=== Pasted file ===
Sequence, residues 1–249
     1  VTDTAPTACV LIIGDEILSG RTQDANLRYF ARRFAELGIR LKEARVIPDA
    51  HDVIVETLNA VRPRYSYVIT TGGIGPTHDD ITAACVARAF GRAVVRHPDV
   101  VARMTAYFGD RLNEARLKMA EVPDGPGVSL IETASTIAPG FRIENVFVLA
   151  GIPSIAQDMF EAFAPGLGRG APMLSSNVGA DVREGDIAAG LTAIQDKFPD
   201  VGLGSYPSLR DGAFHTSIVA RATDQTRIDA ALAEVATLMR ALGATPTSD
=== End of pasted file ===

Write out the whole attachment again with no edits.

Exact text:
Sequence, residues 1–249
     1  VTDTAPTACV LIIGDEILSG RTQDANLRYF ARRFAELGIR LKEARVIPDA
    51  HDVIVETLNA VRPRYSYVIT TGGIGPTHDD ITAACVARAF GRAVVRHPDV
   101  VARMTAYFGD RLNEARLKMA EVPDGPGVSL IETASTIAPG FRIENVFVLA
   151  GIPSIAQDMF EAFAPGLGRG APMLSSNVGA DVREGDIAAG LTAIQDKFPD
   201  VGLGSYPSLR DGAFHTSIVA RATDQTRIDA ALAEVATLMR ALGATPTSD